At Thursday, April 29, 2010 8:36:00 PM, Blogger Snaps said...

I love connecting with patients so my choice would have to reflect getting to have high levels of patient contact. (I'm currently a paramedic)
What I consistently hear from my RN and LPN friends is that in their work environments (public or private) there is very little time for meaningful patient contact due to overwork, lack of staffing etc.
I imagine being a physician is very similar, however I believe I'd pick physician over RN. IN addition to my desire to have meaningful patient contact time, I feel the profession of physicians needs more women, and more individuals who don't suffer from the "god complex" or do it "for the money".
I don't mean to portray all physicians as greedy and arrogant, the vast majority arn't. I'd like to be one more humble, out going and hard working physician to help convince the public that stereotypes aren't always to be believed.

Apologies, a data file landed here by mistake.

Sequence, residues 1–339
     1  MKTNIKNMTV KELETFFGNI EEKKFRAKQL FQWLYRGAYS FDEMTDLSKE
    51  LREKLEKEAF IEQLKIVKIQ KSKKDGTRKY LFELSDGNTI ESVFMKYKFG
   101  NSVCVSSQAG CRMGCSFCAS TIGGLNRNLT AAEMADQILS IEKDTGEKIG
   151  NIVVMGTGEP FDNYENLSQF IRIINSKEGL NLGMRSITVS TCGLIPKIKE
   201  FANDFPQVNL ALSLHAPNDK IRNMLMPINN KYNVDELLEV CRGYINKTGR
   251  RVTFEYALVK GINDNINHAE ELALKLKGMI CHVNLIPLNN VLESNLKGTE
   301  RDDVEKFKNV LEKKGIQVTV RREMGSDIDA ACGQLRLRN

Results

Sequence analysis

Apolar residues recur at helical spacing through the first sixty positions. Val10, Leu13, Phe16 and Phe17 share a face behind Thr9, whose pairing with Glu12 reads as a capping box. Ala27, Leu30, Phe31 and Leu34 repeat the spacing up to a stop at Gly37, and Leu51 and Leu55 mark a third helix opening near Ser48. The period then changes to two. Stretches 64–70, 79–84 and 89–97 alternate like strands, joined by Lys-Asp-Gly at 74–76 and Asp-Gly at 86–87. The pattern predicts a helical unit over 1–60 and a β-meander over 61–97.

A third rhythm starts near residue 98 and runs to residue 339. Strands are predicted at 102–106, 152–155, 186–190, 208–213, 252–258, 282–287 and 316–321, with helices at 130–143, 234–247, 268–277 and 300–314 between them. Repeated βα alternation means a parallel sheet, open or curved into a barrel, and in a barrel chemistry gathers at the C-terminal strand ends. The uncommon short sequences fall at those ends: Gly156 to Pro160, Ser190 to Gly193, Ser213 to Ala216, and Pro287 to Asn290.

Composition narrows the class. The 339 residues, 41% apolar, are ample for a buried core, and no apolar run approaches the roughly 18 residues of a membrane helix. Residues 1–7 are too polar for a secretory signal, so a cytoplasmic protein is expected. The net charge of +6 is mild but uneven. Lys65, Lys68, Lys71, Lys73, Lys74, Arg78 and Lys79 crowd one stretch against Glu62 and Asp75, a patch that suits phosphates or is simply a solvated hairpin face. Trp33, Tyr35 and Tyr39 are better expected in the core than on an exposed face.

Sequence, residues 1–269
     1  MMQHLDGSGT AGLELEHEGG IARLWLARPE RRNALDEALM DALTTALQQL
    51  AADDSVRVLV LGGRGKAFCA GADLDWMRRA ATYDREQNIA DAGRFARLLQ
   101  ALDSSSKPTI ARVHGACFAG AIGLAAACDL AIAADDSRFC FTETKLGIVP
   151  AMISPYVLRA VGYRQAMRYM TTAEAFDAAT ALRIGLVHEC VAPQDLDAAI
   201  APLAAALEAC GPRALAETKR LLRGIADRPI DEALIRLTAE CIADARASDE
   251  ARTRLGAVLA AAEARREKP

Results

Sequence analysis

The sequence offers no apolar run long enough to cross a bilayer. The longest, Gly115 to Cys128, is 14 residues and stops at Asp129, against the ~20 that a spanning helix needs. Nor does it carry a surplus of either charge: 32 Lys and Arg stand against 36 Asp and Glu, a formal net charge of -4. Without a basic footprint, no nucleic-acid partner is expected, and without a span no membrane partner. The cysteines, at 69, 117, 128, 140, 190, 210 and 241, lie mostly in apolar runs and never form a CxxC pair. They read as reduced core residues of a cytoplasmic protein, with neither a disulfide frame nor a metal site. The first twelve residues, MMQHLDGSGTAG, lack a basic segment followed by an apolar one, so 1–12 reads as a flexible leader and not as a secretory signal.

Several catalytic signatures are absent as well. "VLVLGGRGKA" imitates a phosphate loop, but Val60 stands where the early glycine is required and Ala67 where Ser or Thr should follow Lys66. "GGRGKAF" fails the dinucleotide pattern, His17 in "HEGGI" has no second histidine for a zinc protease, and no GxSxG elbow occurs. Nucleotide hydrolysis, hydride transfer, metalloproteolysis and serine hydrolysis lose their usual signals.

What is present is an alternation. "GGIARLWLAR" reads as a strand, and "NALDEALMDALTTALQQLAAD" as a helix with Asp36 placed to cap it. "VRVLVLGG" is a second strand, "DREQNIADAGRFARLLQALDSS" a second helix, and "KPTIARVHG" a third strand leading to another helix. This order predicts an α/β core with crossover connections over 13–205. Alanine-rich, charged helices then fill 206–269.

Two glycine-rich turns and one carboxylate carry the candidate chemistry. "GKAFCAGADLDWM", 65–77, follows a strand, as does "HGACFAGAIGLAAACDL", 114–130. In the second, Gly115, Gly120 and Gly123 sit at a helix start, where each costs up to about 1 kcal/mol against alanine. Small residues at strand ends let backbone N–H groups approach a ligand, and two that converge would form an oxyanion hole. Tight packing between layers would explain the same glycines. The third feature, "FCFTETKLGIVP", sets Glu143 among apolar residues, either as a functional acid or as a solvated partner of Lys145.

That's my two cents.

 
At Friday, November 12, 2010 4:49:00 PM, Anonymous Joshtoma said...

Having been a nurse for 5 years I would definately choose nursing over medicine. I work at UM medical center in Michigan. I work in 9 different ICU's including 2 pediatric ICU's. I would choose nursing because in my expierence the nurses have more patient contact and in some cases "guide" the medical care of the patient. However, the ICU enviroment is a completely different enviroment than a general care floor. I love working at a teaching hospital also. My attitude towards it is that the nurses and doctors are there to learn from each other. There was been many times when I've showed residents how to put in IVs, give boluses and assess patients. I enjoy working as a team and have lots of respect for our docs and they have lots of respect for me. I enjoy being a nurse. -Josh